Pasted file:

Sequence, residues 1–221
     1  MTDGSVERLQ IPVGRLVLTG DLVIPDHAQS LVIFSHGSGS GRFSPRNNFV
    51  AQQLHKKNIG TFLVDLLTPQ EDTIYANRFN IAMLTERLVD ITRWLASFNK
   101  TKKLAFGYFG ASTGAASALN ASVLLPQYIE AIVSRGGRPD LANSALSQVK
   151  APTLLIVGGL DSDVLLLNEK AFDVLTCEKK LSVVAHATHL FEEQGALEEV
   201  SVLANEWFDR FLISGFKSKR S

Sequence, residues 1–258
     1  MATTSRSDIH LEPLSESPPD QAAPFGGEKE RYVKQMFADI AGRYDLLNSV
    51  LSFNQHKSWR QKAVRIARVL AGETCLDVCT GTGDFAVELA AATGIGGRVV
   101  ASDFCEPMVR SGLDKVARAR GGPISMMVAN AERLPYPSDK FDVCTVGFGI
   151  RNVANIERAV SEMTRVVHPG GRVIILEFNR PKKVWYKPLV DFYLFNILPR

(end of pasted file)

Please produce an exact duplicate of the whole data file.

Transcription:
Sequence, residues 1–221
     1  MTDGSVERLQ IPVGRLVLTG DLVIPDHAQS LVIFSHGSGS GRFSPRNNFV
    51  AQQLHKKNIG TFLVDLLTPQ EDTIYANRFN IAMLTERLVD ITRWLASFNK
   101  TKKLAFGYFG ASTGAASALN ASVLLPQYIE AIVSRGGRPD LANSALSQVK
   151  APTLLIVGGL DSDVLLLNEK AFDVLTCEKK LSVVAHATHL FEEQGALEEV
   201  SVLANEWFDR FLISGFKSKR S

Sequence, residues 1–258
     1  MATTSRSDIH LEPLSESPPD QAAPFGGEKE RYVKQMFADI AGRYDLLNSV
    51  LSFNQHKSWR QKAVRIARVL AGETCLDVCT GTGDFAVELA AATGIGGRVV
   101  ASDFCEPMVR SGLDKVARAR GGPISMMVAN AERLPYPSDK FDVCTVGFGI
   151  RNVANIERAV SEMTRVVHPG GRVIILEFNR PKKVWYKPLV DFYLFNILPR